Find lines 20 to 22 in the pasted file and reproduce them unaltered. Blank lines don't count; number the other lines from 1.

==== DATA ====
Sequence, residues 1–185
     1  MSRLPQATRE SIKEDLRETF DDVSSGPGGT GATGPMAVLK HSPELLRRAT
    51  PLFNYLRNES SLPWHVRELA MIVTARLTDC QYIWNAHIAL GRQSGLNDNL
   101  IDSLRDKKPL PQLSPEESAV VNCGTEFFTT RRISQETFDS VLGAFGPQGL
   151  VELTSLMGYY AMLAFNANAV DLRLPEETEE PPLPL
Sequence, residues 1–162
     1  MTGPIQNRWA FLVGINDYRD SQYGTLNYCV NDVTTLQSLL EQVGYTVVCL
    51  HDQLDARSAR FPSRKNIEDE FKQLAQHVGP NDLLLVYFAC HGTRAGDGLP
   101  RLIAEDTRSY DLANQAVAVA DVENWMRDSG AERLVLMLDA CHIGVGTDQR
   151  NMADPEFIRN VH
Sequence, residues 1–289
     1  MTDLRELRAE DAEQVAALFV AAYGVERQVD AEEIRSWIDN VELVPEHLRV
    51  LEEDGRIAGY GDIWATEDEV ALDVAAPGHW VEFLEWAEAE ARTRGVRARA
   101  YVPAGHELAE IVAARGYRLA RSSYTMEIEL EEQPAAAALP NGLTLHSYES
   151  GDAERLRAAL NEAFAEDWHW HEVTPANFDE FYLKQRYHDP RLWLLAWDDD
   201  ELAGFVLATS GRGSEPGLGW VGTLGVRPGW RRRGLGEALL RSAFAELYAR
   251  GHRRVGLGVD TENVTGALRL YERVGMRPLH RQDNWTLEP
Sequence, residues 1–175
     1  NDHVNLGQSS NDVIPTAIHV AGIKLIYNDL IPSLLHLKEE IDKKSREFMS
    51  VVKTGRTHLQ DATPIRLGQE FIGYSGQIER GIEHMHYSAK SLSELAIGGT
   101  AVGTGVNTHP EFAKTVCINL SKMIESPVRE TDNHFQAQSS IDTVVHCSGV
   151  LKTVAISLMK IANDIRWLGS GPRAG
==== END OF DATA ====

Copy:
    51  VVKTGRTHLQ DATPIRLGQE FIGYSGQIER GIEHMHYSAK SLSELAIGGT
   101  AVGTGVNTHP EFAKTVCINL SKMIESPVRE TDNHFQAQSS IDTVVHCSGV
   151  LKTVAISLMK IANDIRWLGS GPRAG